Update: LowT Gimenez lets "raw human waste" spews into Miami Beach

Miami Herald:

Oleta River spill contained after 1.6 million gallons of waste seeped into water

The raw sewage spill from a ruptured pipe more than 12 feet under the Oleta River has been contained after emergency contractors installed a suction device to reroute the waste.

The leak that started on Sunday and poured about 1.6 million gallons of sewage led to a no-swim advisory between Maule Lake and the Intracoastal, and south to between the mainland and Haulover Inlet remain in place. Oleta River State Park, Greynolds Park and the beach near Haulover Inlet also remain under a no-contact warning, the Miami-Dade Water and Sewer Department said in a statement Saturday.

By 3 a.m. Saturday morning, the country’s emergency contractor installed a device that collects the wastewater exiting the two-inch by three-inch crack from the 48-inch wastewater pipe and reroutes it into the sanitary sewer system.

The spill of raw human waste was first spotted by a kayaker on Sunday afternoon. 

Corrosion led to the rupture of the pipe, said Jennifer Messemer-Skold, the spokeswoman for the department. Miami-Dade had planned to replace the entire pipe by 2021 as part of an ongoing upgrade for a sewer system that is under a court-ordered modernization process.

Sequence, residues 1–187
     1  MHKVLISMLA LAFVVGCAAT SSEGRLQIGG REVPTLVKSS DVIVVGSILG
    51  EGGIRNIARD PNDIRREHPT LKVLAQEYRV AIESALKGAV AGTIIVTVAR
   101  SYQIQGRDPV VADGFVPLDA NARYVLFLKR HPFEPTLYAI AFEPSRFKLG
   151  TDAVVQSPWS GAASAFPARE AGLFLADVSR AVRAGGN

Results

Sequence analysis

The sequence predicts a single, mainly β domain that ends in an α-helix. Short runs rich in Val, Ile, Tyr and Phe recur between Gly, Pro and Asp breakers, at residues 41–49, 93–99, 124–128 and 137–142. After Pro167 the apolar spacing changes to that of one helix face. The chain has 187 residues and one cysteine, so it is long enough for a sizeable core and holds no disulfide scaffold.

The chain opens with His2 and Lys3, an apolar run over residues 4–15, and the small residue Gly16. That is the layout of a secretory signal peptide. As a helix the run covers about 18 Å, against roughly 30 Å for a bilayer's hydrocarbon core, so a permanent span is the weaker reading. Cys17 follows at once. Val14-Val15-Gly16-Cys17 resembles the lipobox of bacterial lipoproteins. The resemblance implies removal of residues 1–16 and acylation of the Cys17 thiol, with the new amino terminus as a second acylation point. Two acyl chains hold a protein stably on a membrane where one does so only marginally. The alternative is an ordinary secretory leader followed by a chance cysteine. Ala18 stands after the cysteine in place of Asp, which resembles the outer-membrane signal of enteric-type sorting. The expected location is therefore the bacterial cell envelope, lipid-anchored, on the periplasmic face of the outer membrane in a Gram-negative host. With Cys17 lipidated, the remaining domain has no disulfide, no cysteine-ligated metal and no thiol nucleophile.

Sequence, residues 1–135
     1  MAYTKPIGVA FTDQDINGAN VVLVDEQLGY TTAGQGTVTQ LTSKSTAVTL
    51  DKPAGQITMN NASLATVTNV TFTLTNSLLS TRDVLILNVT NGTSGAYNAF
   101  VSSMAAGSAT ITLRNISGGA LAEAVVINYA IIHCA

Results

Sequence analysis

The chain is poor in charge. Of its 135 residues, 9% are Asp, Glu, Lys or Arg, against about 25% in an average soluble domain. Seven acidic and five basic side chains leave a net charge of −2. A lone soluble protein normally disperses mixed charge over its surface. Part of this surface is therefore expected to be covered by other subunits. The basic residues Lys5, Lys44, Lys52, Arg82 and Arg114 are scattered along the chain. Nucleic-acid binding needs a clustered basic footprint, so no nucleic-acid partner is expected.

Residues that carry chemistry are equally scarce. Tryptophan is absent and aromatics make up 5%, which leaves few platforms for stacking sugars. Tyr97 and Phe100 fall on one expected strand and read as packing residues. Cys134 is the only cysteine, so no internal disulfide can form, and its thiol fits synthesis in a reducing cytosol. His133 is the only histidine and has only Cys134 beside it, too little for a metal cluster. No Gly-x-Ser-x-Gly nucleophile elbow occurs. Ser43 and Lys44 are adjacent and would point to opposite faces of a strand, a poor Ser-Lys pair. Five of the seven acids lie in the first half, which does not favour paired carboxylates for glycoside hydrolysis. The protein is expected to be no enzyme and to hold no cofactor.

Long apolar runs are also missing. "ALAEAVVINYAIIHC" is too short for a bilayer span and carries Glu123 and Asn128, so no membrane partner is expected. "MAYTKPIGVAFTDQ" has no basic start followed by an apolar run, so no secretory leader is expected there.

The Florida Department of Health in Miami-Dade County and the Department of Regulatory and Economic Resources are testing the waters and the advisory will remain in effect until two consecutive days of clear testing after repairs are completed, said the statement.

This temporary fix allows contractors to continue to work on the installation of a bypass line, which will isolate the damaged portion of the wastewater pipe for a permanent repair.

The waste and sewage department is still asking residents in the cities of Sunny Isles Beach, Golden Beach and North Miami Beach to conserve water to decrease impact to the wastewater system.

The department cannot shut down the sewer line because that would halt water services for thousands of people in nearby cities, Water and Sewer said.

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